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The medium is the message. Here, the medium itself is the most important factor in communication. The person is the message. This view recognizes the power and personality of the speaker.

Copyright 2011 Pearson Education, Inc. publishing as Prentice Hall

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It is critical to understand the biases, preferences and knowledge of our message receivers. Everyone is biased; no two people perceive a message the same way. What factors can influence a receivers bias? Lets find out

Copyright 2011 Pearson Education, Inc. publishing as Prentice Hall

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We live in a world of stereotypical figures. What images do the following names bring to mind?

Gen-Xer Feminist Computer geek Blue-collar worker Used-car salesperson

Like it or not, stereotypes influence communication.

Copyright 2011 Pearson Education, Inc. publishing as Prentice Hall

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Consider the following symbols. What images do they create in your mind?

The clenched-fist salute The Statue of Liberty The World Trade Center The Star of David The swastika

When properly used, symbols can be highly persuasive.

Copyright 2011 Pearson Education, Inc. publishing as Prentice Hall

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Words mean different things to different people.


Language and the meanings of words are always changing.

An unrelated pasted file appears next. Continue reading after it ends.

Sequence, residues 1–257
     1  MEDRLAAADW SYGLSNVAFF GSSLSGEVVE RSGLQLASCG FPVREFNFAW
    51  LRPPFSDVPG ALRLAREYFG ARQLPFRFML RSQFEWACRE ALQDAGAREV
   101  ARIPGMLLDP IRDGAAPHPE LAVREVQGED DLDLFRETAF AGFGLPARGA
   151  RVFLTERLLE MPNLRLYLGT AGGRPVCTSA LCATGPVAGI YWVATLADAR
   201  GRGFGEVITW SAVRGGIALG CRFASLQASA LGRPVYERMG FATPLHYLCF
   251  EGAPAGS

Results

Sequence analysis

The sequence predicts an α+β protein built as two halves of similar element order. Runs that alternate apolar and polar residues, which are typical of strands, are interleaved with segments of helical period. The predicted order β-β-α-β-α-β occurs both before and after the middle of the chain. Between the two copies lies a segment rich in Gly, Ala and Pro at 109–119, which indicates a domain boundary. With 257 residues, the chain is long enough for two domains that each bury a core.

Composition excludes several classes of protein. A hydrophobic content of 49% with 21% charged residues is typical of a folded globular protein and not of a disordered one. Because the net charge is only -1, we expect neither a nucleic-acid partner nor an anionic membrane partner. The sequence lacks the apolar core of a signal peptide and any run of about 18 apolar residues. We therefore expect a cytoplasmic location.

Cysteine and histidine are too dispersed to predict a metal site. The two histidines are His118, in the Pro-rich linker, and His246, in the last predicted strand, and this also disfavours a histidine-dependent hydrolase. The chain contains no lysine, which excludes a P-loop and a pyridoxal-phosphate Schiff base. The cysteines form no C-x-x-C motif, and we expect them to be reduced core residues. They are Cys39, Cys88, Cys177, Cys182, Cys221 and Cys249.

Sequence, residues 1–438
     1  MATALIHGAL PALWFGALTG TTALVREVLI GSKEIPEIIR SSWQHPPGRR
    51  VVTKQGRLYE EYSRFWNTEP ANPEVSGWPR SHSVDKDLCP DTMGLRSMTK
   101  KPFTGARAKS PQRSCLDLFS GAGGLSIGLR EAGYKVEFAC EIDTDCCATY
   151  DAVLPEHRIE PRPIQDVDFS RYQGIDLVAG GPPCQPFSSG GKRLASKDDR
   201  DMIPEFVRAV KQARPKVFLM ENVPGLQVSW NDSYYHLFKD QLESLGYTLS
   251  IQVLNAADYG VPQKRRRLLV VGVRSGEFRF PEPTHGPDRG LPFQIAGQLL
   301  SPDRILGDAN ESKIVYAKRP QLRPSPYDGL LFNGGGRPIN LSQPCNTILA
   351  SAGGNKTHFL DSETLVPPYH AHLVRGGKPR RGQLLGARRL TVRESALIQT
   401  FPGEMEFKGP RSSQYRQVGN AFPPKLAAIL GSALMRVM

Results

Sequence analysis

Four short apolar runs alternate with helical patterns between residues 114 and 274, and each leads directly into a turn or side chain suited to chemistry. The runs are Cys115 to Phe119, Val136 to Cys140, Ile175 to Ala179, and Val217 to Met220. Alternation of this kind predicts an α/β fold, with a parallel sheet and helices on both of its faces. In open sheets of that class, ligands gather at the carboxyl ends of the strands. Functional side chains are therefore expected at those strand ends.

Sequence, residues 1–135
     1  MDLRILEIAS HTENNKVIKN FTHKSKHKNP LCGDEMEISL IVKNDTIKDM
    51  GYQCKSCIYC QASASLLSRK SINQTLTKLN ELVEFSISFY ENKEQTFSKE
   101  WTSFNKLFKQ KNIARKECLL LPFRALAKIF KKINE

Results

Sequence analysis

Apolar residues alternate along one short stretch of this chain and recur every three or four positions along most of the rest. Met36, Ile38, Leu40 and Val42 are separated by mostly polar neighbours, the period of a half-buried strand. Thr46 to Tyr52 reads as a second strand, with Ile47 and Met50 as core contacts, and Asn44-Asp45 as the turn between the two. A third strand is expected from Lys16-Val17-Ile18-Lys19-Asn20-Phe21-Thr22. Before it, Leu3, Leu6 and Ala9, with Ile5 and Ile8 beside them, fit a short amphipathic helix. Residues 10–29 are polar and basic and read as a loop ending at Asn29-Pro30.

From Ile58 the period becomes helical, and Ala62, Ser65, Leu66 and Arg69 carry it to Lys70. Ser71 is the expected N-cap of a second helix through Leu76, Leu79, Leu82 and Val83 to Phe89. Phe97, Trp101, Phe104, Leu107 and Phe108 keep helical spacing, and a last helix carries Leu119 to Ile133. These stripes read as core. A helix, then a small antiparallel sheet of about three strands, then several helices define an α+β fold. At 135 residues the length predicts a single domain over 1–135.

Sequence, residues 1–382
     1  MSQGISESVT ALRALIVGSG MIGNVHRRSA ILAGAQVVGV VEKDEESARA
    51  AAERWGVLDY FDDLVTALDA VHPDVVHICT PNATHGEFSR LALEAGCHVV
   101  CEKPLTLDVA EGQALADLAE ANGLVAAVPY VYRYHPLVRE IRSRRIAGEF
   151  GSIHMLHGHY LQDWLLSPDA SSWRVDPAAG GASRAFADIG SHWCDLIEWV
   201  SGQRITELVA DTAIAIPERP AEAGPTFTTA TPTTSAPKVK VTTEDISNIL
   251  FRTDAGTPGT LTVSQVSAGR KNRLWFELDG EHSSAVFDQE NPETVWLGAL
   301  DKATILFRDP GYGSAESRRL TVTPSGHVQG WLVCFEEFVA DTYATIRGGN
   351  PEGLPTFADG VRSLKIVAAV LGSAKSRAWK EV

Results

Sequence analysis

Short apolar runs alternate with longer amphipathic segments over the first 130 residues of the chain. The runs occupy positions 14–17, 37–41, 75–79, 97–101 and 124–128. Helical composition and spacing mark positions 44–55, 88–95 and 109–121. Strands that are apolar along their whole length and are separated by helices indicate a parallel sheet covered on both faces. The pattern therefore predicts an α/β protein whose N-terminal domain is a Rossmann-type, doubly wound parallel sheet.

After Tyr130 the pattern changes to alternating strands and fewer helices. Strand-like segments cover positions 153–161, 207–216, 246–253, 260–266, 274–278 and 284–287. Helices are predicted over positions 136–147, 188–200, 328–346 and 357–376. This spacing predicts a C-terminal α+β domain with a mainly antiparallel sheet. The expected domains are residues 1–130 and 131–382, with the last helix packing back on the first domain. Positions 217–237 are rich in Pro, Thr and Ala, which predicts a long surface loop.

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To frame effective messages, public relations professionals must understand intricacies of peer-group influences on attitude and action. Recall the power of peer groups from your high-school days. Did they ever cause you to believe or do things that you normally wouldnt?
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Copyright 2011 Pearson Education, Inc. publishing as Prentice Hall

The media is a powerful agenda setter. It can tell us what issues are important.
The Agenda-Setting Hypothesis states that: the media does not reflect reality it filters and shapes it. media concentration on a few issues leads the public to perceive those issues as more important. By interesting the media in client-centered stories, public relations professionals also play a role in agenda setting.
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Copyright 2011 Pearson Education, Inc. publishing as Prentice Hall

Communicators must get feedback from a receiver to know what messages are getting through, and how to structure future communications.

You arent really communicating unless your recipient: hears your message understands it reacts to it
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Copyright 2011 Pearson Education, Inc. publishing as Prentice Hall

Once the message is clearly understood, it may trigger one of several effects: Change attitudes Crystallize attitudes Create a wedge of doubt Do nothing at all

Copyright 2011 Pearson Education, Inc. publishing as Prentice Hall

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Public relations professionals make their living by knowing how to communicate desired meanings. Hone your expertise in this area.
Performance must precede communication. Slick publications and winning websites many capture the publics attention, but proper performance is the only key towards winning continued public support.

Copyright 2011 Pearson Education, Inc. publishing as Prentice Hall

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Steve Jobs iPology Review this case on p. 56. As a class, discuss: How would you assess, in public relations terms, Apples original decision to lower the price of the iPhone? What do you think of Apples solution to its iPhone problem, and how do you assess Steve Jobs communication about it? For more information on this case, go to: http://www.marketwatch.com/story/appleintroduces-the-ipology
Copyright 2011 Pearson Education, Inc. publishing as Prentice Hall